FIG. 1 illustrates the physical connections of an asynchronous transfer mode network having an emulated local area network;
FIG. 2 depicts the logical connections of the network shown in FIG. 1;
FIG. 3 illustrates a network according to the present invention; and
FIG. 4 is a flowchart which depicts the method whereby the backup default gateway becomes active when the primary default gateway fails.
FIG. 1 illustrates a prior art asynchronous transfer mode (ATM) network having an emulated local area network (ELAN). Attached to ATM switch 102 are: router 114, ATM host 104, ATM host 110, and LAN switch 112. ATM host 104 is an ATM device which has been configured to reside on ELAN-- A. ATM host 110 is another ATM device which has been configured to reside on ELAN-- B. LAN switch 112 contains an ATM interface and proxy LAN emulation clients (LECs) 116 and 117. Proxy LECs 116 and 117 are associated with ELAN-- A and ELAN-- B, respectively, and bridge communications from legacy hosts 106 and 108 to their respective ELANs. Legacy hosts 106 and 108 are traditional LAN devices which communicate with ATM switch 102 through proxy LECs 116 and 117.
Router 114 performs many services for ATM switch 102. One of the services provided by router 114 is routing traffic from ELAN-- A to ELAN-- B and vice versa.
FIG. 2 illustrates the logical connections of the network shown in FIG. 1. Attached to ELAN-- A are ATM host 104 and legacy host 106. Likewise, attached to ELAN-- B are ATM host 110 and legacy host 108. Routing traffic between ELAN-- A and ELAN-- B is router 114.
FIG. 3 illustrates the logical connections of a network according to the present invention. In network 300, LECs 308 and 306 are connected to ELAN 310. LEC 308 provides an interface for the primary default gateway, while LEC 306 provides an interface for the backup default gateway. Also attached to ELAN 310 are end station 302 and router 304. Router 304's neighboring routers are routers 312 and 314 whose IP addresses are IP1 and IP2, respectively. In network 300, the system administrator has configured end station 302 to use a default gateway having an IP address of IP3.
LEC 308 has been assigned MAC address M1 and corresponding IP address IP1. LEC 306 has been configured with MAC address M2 and corresponding address IP2. Also, both LECs 308 and 306 have been configured with MAC address M3 and corresponding IP address IP3. IP addresses IP1 and IP2 and MAC addresses M1 and M2 are unique, while IP address IP3 and MAC address M3 are shared by LECs 308 and 306. LECs 308 and 306 only process packets addressed to M3/IP3 when their associated default gateway is active. Whether the primary or backup default gateway is active depends on whether the corresponding LEC has successfully registered its M3 MAC address with LAN emulation server (LES) 316. Only one default gateway will be active at a time because LES 316 does not allow the registration of duplicate MAC addresses.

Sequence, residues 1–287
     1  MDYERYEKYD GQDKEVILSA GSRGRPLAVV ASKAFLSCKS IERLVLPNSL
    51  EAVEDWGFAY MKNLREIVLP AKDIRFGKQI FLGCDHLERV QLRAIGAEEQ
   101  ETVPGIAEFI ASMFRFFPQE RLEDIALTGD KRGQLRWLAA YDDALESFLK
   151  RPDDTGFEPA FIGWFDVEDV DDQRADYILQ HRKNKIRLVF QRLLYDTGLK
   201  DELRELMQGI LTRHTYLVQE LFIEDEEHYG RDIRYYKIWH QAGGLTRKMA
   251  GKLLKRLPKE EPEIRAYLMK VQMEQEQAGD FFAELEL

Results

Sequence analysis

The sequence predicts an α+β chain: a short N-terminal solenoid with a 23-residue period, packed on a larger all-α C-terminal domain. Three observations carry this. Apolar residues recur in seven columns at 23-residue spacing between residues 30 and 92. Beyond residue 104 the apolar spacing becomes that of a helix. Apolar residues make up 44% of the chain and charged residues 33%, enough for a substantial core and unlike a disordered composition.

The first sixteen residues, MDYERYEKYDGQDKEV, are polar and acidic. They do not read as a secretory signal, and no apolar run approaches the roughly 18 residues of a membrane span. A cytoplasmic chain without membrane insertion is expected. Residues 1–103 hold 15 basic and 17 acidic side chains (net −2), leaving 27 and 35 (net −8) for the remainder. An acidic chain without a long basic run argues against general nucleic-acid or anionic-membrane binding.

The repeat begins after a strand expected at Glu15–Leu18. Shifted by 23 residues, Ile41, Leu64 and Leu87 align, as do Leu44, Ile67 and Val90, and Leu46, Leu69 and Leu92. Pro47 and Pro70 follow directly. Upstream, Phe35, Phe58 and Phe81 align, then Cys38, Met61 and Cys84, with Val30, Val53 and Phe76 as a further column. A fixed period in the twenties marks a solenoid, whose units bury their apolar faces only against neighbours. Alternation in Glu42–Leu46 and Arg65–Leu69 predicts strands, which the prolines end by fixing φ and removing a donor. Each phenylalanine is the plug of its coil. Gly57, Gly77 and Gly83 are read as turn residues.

When the LECs in routers 312 and 314 become active, they join ELAN 310 and register MAC addresses M1 and M2 with LES 316. LECs 308 and 306 also both attempt to register MAC address M3 with LES 316. Only LEC 308 or only LEC 306 will successfully register MAC address M3 since LES 316 does not allow registration of duplicate MAC addresses. The LEC which registers MAC address M3 becomes the active default gateway, while the LEC which fails to register MAC address M3 will periodically retry the registration of MAC address M3.
If LEC 308 registers MAC address M3 and the primary default gateway becomes active, LEC 306 will periodically try to reregister MAC address M3. By continually retrying to register MAC address M3, the backup default gateway can become the active default gateway when the primary default gateway fails. This type of operation is possible because when the active default gateway fails, LES 316 will deregister MAC address M3, thereby allowing another LEC to register this address.
If LEC 306 registers MAC address M3 before LEC 308, LEC 308 will also periodically try to reregister MAC address M3. In addition, LEC 308 will send LEC 306 a message instructing LEC 306 to deregister MAC address M3, thereby giving LEC 308 a chance to register MAC address M3 and to allow the primary default gateway to become active. This message is described in more detail below. The period of time in which LEC 308 waits before trying to reregister MAC address M3 is shorter than the corresponding period of time for LEC 306. This guarantees that once LEC 308 instructs LEC 306 to deregister MAC address M3, LEC 308 will have a chance to reregister this MAC address before LEC 306 does. In the preferred embodiment of the present invention, LEC 306 retries to register MAC address M3 every 30 seconds, while LEC 308 retries every 5 seconds.